Dec. 23, 2014
Will you pick up today?
There's nothing like summer holidays to bring on some loving, but picking up is not always easy. And we often miss the mark when it comes to picking up (litter, that is) in the great outdoors.
Perhaps not the most romantic one-liner, but a staggering 95% of litter on our beaches comes from the stormwater system; pollution and discarded debris collected via our drains from parks and streets. It's this mess plus other forgotten and dumped rubbish that winds up in the sea, with some ending up in the Great Pacific Garbage Patch.
The world's biggest rubbish tip, this Garbage Patch floats a little way north of Australia, in the ocean between Hawaii and California. Notoriously vast, it contains millions of tonnes of trash, most of which is plastic. No joke.
In fact, there's an estimated 200 million bits of plastic littering our oceans. Some are visible and others, like microplastics, are not. Unable to distinguish between these nasties and food, many marine animals are choked to death or live long enough to contaminate the food chain (potentially winding up in our tummies). Litter in our oceans is also hurting tourism and fishing industries. And these plastics spread invasive species by attaching in one region and drifting long distances to cause havoc in other ecosystems.
Plus it's downright ugly. I wouldn't wish to be a sea turtle these days, would you?
Even if you don't give a toss about turtles, spare a loving thought for the state of our local beaches.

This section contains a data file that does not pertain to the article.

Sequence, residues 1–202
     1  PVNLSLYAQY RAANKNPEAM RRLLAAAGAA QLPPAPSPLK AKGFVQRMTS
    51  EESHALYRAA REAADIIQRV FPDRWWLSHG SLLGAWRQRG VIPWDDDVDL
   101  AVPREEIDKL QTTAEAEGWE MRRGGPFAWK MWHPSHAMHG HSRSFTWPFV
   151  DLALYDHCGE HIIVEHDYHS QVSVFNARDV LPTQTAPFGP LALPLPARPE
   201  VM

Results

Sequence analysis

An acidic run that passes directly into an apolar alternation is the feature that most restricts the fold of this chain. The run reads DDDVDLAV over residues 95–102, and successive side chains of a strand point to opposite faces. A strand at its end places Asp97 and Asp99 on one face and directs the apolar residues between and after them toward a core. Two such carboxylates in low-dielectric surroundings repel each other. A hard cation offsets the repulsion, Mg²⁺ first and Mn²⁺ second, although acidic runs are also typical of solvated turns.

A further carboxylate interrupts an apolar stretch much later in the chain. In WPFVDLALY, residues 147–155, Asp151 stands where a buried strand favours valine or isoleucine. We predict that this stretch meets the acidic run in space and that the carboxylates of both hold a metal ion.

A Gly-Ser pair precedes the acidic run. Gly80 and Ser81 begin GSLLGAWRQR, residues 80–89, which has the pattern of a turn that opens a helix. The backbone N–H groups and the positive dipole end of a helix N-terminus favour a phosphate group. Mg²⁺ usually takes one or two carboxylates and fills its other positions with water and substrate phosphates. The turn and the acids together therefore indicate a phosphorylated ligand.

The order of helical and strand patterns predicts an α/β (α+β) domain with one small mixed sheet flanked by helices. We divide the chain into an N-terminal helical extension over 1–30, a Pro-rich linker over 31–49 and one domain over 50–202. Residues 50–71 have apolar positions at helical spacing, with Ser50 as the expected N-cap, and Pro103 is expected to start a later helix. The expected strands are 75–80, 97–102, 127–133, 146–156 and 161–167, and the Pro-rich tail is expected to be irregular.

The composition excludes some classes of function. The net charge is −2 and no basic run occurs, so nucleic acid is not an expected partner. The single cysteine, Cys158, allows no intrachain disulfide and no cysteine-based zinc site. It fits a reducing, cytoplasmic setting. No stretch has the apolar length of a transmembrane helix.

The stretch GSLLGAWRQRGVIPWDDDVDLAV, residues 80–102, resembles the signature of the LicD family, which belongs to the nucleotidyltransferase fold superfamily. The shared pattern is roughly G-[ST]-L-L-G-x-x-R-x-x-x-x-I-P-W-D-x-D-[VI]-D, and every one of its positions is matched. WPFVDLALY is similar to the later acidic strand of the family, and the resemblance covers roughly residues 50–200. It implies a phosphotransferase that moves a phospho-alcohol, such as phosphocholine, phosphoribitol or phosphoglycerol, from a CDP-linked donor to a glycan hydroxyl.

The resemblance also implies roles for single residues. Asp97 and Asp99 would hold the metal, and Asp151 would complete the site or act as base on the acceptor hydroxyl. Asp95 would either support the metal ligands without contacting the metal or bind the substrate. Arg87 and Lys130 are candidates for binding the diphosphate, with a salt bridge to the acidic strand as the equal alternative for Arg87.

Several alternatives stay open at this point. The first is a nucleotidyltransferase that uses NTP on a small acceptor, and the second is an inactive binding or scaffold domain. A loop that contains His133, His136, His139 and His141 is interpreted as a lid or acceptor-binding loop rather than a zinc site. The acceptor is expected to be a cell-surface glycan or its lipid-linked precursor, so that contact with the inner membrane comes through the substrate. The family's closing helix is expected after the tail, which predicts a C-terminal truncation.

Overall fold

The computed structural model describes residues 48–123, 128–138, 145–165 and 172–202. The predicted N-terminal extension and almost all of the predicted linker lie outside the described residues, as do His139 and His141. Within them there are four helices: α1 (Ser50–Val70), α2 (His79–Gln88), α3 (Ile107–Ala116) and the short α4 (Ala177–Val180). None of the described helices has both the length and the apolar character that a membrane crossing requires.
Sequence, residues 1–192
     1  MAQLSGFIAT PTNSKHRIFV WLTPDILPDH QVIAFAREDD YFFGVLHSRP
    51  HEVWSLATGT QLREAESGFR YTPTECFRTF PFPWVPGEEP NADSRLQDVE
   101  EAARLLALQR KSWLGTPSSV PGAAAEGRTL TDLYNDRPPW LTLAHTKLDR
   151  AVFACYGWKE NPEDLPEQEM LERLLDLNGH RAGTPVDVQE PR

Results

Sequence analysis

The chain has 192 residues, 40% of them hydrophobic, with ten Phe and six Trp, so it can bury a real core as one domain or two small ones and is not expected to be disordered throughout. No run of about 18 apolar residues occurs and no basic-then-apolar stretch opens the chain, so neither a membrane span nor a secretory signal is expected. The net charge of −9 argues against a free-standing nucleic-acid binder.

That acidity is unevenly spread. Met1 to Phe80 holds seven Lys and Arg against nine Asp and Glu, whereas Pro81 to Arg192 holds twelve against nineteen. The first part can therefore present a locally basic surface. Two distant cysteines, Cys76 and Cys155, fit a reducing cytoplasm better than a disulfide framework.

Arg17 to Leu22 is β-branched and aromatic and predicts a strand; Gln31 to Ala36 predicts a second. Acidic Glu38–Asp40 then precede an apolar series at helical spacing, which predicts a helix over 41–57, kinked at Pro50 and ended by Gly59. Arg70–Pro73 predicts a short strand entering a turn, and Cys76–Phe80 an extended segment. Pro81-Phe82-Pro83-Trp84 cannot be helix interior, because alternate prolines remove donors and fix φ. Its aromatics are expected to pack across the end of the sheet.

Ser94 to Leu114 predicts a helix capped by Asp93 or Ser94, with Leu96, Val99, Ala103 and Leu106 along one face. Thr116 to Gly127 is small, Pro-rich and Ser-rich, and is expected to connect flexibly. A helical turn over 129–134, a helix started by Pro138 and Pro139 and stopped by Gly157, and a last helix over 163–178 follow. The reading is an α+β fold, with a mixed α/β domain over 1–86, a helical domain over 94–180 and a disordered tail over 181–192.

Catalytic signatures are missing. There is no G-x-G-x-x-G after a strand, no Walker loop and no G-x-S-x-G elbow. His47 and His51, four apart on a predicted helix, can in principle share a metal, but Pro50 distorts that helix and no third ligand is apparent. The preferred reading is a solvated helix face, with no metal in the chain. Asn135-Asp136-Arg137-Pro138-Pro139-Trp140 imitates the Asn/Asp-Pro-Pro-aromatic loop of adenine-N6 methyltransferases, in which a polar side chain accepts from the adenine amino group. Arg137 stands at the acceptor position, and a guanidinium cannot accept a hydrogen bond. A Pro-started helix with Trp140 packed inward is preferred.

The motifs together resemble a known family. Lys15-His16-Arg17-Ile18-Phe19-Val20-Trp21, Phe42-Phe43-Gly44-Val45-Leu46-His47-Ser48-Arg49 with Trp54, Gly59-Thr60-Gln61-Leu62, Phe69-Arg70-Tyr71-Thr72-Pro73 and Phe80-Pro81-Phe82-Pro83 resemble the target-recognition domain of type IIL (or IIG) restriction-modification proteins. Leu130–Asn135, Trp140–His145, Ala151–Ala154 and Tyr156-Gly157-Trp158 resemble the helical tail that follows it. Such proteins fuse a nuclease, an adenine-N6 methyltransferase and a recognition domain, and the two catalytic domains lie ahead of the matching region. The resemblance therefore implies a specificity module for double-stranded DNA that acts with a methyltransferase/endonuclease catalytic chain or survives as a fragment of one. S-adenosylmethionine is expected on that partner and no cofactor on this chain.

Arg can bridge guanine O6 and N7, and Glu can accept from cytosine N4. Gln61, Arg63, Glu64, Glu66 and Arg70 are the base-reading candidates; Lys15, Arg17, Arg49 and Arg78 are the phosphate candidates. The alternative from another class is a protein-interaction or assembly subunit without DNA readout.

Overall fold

So, while you're out and about enjoying the sunshine (and each other), do your bit by 'picking up' with success today using these seven tips:
Take it with you - Get into the community spirit and grab a piece of litter each time you leave the beach or park, even if it's not yours.
Pack away the plastic - When you are living (or loving) it up in the great outdoors, leave the plastic bags behind at home to avoid them blowing away into drains or the ocean. Reuse them or take them to local supermarkets for recycling. Otherwise throw them out in the red bin. They can't be recycled and screw up the recycling machinery.
Bin your butts - Smoking is banned on the beaches but if you smoke nearby, throw your butts in the special butt bins at the beach ramps or take them with you after your picnics. It's estimated that seven billion butts end up as litter in Australia each year.
Bag your litter - Take a small re-usable rubbish bag with you to the beach or park, to avoid it blowing away or being buried in the sand and to make it easier to transport trash back to the bin.
Drink up - Take a reusable water bottle with you and use Council's water fountains to refill rather than plastic bottles which end up as waste. Using reusable coffee cups also means less disposable coffee cups in our landfill.
Recycle it - Use the yellow public recycling bins to recycle what you can. These bins take plastic, glass, paper and cardboard products. Styrofoam and dirty food wrappers are for the red bin.
Get rid of larger items - For large household rubbish and unwanted items that don't fit in the bins, you can also organise a free Council 'pick up'. It's super easy - call Waverley Council on 9369 8080. Dumping this stuff on the street is illegal and incurs hefty fines.
Great Pacific garbage patch -http://science.howstuffworks.com/environmental/earth/oceanography/great-pacific-garbage-patch.htm
Waste and recycling in Waverley LGA - www.waverley.nsw.gov.au/residents/waste_and_recycling
Waste and recycling in Randwick LGA - www.randwick.nsw.gov.au/services/rubbish-and-recycling/
Waste and recycling in Woollahra LGA - www.woollahra.nsw.gov.au/services/rubbish_and_recycling
By Nicola Saltman, first published in The Beast Magazine